Parasites are like living horror stories.
this is a true horror story: some parasites change the host's behavior and "mind control" them. Moreover, this control seems to affect not only infected individuals.
Today's story is about a tapeworm called Schistocephalus solidus. Like many parasites, its parasitic experience is so complex that it takes three-tier hosts to complete the cycle of reproduction. These tapeworms reproduce in the digestive tract of birds, and the eggs are excreted with bird feces. The hatched larvae first find some copepod crustaceans, then infect the fish through the food chain, and then the waterbirds eat the infected fish.
(that's about the whole process)
in the process, tapeworms don't just quietly wait for their master to be eaten. The study found that the behavior of fish infected with these tapeworms changed. Infected fish swim to warmer waters (an environment conducive to tapeworm growth) and, more importantly, become "adventurous", more willing to swim to dangerous areas where there is no shelter, and less alert to predators. As a result, birds that eat fish are more likely to catch infected fish and eat parasites and fish together. This is exactly what tapeworms are trying to achieve: birds are their ultimate hosts, and they reproduce in the guts of waterbirds. The tapeworm eggs are excreted through the bird's feces and continue into the next cycle after hatching.
interestingly, it is not just infected individuals who are affected by parasites. A recent study found that uninfected fish in populations are also affected by parasite-controlled partners. The researchers simulated bird attacks in fish tanks and set up different proportions of parasites in schools of fish to observe their behavior. As a result, fish that are not infected by parasites escape to the bottom of the tank, while those infected stay in a "danger zone" with indifference. Not only that, when the majority of infected people in the group, those who were "clear-headed" fish will also begin to follow the crowd and take more risky behavior. If, in turn, the uninfected fish account for the majority, then the infected fish will not wake up and their risky behavior will not change. In an animal group, it is often wise to follow a large army, but in this case, it is the parasite that affects the uninfected individual.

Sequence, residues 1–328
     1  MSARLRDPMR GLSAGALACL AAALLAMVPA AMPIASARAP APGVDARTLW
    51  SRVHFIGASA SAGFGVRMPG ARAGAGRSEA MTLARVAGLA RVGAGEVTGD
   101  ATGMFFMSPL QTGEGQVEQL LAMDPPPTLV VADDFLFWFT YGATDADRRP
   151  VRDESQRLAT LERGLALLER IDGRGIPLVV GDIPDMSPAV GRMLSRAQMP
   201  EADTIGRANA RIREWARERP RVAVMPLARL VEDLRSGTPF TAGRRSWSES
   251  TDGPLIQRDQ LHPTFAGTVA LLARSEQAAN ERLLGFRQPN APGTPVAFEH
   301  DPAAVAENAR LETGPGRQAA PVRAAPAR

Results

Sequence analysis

apart from lamenting the rugged living style of parasites, I would also like to complain a little bit about the device of this experiment: the experiment used to scare schools of fish was done with fake birds. It's not even a bird, it's just a fake beak on the handle. According to the researchers, it's still made of Lego, but it does work well in the experiment, so it doesn't matter how it looks.
(if the experimental device is shown in the picture, you may not be able to see that the above thing is simulating a bird)
PS: every time you say "parasites make animals adventurous," I think of astronomers who send signals to the universe. Although it doesn't matter (probably)
original paper: http://rspb.royalsocietypublishing.org/content/285/1881/20180956
cover: a three-thorn fish (Gasterosteus aculeatus), is also a species in the study mentioned in this article. Photo: WWU/J ö rn Scharsack
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